• Bias can influence interpretation. When conducting your own testing, you must be careful that stereotypes and preconceived notions you've developed about your users don't lead to assumptions that influence your takeaways from the session. You need to make sure you aren't putting undo emphasis on observations that align with your own goals and objectives while downplaying those that do not. Insights can be unintentionally skewed if the moderator does not bring an objective point of view. 

Suggestions for DIY Usability Testing

If you are in a situation where there are logistical barriers to hiring UX or usability experts, here are some tips to help your DIY usability testing go more smoothly. 

  • Check out automated or remote usability testing services. You may find that scheduling 1:1 sessions with customers may be challenging, or you may bump into problems getting approval to do so. Many remote testing services like usertesting.com, userinput.io, and others provide an affordable way to automate unmoderated usability testing with remote users who match your target audience demographic. This can be a good first step into usability testing.  
  • Develop a test script that you can use to conduct your own remote usability tests. Whether you are conducting your own usability tests, using an automated service, or hiring a team of experts, your first step can be to draft up a test script. A test script describes different questions or tasks you would like your participants to complete on your site.  
  • Review UX best practices. Before planning any DIY usability testing, review a Website Accessibility checklist or some UX best practices. These resources can help you understand the types of things that make sites hard or easy for people to use. Referring to them may help you develop a good usability test script. 
  • Don't ask users to predict the future. While real users may be able to tell you what types of content may or may not appeal to them, humans are terrible at predicting how they might behave in different hypothetical scenarios. Avoid asking the user to speculate on whether or not a feature would be useful, or how they would the like the design if you changed it a certain way. Stick to questions about intent and motivation, ask about what has worked or hasn't in the past, and rely on behavioral observation as they interact with the UI you are testing.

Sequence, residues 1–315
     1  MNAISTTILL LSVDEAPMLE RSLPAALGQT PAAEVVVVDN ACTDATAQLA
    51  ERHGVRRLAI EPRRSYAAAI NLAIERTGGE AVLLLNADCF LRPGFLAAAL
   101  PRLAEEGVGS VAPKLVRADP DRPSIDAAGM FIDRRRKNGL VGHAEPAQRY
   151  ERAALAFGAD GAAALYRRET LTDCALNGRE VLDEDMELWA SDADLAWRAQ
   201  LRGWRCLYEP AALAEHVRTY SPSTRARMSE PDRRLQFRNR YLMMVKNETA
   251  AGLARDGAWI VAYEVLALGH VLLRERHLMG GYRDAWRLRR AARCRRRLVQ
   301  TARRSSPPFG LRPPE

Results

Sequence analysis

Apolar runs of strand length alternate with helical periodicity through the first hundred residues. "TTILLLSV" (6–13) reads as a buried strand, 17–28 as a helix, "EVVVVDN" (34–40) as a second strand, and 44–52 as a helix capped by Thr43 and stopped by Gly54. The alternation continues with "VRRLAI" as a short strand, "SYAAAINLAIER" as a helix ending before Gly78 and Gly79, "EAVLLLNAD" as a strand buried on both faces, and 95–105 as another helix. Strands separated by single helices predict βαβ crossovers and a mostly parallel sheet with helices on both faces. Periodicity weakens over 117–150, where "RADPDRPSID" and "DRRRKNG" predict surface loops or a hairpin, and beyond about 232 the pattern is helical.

• Focus on one thing. If you don't have experience running usability tests, it can be overwhelming to try to collect useful insights across your entire site or application. Isolating the testing to hone in on a specific section, user scenario, or metric can be a good way to narrow the scope of testing and focus your feedback.  

Always be Testing

Making sure that people can easily find useful content and complete common tasks is the foundation of a good user experience. Usability testing is the best way to figure out what you need to work on fixing. There are definite advantages to hiring a team of experts to conduct usability testing for your organization. Inexplicably, many companies are at first hesitant to invest in this. If you find yourself in this situation, you may need to do it yourself at first. Initial usability tests are often eye-opening to the entire organization and may lead to some quick wins. Let those quick wins justify future investment in usability and user experience. It's less important who is doing the usability testing than just that you are getting into the steady cadence of gathering insights from real end-users on a continual basis. If DIY usability testing is part of the path to get there, keep it up—you are headed in the right direction.  

Photo by David Travis on Unsplash